Weed Watchers Wanted

WHO? Anyone who is committed to maintaining the pristine conditions of our beautiful lake that is free from invasive weeds, so far.

WHY? Invasive aquatic plants have been a problem in lakes in NH and ME for several decades. Variable milfoil is by far the most widespread. This plant is found in portions of Lake Winnipesaukee and numerous other bodies of water in our area. It takes only a small portion of this plant to take root in our waters. Wildfowl can also spread these invasive plants. Other problematic species include fanwort, hydrilla, water chestnut, Eurasian milfoil and curly- leafed pondweed. Early detection of invasive aquatic plants ensures the most effective control. Once an invader is well established, eradication is extremely difficult and costly, if not impossible.

HOW? By monitoring a portion of the lake (most often the section in front of your shoreline) you can check regularly for an unusual aquatic plant that you have not seen in the past.

WHAT ACTION DO YOU TAKE? If you find something suspicious do not attempt to pull it. That is something an experienced person should do. Collect a representative sample (preferably with seeds or flowers), wrap it in a moist paper towel, seal it in a plastic baggie and refrigerate it. Then contact one of the weed watcher chairpersons as to what to do with it. Be sure to mark the place where you found it because if it is found to be invasive, experts will want to look over the area and remove all suspected plants.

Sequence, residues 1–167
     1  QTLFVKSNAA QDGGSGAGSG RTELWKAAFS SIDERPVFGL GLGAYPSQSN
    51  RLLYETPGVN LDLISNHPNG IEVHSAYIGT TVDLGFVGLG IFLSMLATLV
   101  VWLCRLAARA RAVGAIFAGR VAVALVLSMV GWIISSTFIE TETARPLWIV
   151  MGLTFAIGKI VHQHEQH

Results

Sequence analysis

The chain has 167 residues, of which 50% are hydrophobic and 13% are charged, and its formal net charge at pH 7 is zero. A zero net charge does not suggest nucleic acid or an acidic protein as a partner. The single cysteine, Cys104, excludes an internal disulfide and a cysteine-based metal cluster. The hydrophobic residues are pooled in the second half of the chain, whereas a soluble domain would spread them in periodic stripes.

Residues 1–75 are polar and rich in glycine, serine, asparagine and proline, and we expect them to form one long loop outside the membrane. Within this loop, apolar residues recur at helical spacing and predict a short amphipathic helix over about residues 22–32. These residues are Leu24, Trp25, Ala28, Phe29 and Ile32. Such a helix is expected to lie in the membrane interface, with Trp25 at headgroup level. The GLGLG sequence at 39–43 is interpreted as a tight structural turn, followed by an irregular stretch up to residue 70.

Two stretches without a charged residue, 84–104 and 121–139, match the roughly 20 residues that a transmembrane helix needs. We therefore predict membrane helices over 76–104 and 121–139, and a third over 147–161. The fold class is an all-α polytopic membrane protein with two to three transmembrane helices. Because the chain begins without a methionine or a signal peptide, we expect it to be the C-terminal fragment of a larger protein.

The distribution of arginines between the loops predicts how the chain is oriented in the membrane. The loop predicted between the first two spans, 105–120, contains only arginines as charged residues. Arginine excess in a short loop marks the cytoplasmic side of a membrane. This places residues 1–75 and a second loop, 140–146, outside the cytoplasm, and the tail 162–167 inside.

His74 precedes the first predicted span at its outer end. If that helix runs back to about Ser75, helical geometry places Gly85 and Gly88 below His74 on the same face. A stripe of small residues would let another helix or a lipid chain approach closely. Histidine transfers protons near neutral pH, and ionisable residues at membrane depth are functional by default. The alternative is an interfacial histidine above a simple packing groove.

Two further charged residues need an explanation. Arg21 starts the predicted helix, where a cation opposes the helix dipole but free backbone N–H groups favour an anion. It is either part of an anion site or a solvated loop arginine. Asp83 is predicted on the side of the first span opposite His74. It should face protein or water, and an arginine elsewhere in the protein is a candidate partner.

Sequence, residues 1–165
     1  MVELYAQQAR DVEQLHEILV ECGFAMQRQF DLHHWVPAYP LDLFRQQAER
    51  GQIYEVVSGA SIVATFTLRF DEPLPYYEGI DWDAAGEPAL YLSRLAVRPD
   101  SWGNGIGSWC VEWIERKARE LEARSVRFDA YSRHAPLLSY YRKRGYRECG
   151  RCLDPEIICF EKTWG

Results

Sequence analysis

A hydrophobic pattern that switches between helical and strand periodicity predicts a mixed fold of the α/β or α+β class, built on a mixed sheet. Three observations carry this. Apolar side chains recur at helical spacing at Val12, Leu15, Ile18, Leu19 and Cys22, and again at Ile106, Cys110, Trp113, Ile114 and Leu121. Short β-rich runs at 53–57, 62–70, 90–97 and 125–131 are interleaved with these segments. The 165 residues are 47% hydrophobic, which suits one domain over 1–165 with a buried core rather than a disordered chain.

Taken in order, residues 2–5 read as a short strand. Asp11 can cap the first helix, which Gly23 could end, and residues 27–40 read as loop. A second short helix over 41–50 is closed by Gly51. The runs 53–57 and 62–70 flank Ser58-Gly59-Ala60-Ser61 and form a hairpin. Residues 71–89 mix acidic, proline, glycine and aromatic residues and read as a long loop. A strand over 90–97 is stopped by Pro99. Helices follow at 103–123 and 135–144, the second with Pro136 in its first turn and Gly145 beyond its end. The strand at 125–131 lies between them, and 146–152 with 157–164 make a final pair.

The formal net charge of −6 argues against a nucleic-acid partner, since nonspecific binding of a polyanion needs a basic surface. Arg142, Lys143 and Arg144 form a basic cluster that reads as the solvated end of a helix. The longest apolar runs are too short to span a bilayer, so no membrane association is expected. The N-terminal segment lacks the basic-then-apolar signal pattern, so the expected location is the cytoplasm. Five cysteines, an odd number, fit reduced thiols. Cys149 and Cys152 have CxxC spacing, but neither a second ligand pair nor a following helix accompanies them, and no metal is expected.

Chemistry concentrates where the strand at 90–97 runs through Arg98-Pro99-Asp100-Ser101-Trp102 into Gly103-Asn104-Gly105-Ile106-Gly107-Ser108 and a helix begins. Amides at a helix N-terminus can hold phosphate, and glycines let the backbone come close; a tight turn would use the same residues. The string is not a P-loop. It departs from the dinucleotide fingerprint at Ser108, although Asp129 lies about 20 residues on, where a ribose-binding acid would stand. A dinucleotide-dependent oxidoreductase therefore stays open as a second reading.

HOW DO YOU SIGN UP? You can contact one of the persons listed below or you can come to out table at the Annual Meeting at Weeks Park in July. We will also be contacting those of you that have signed up in the past to determine if you are interested in continuing as weed watchers.

There are books available which have pictures to help in identification. Many present weed watchers have been trained in identifying the invasive plants. Both NH and ME offer training sessions for new weed watchers. When you sign up we will keep you advised as to training opportunities.

While our Lake Host program at the boat launch has been very effective in ―catching‖ a few plants before they are brought in to the lake, the more eyes we have looking the better chance we have of keeping our lake free of invasive species.

Weed Watcher Chairperson and their contact info
John Bath, send email.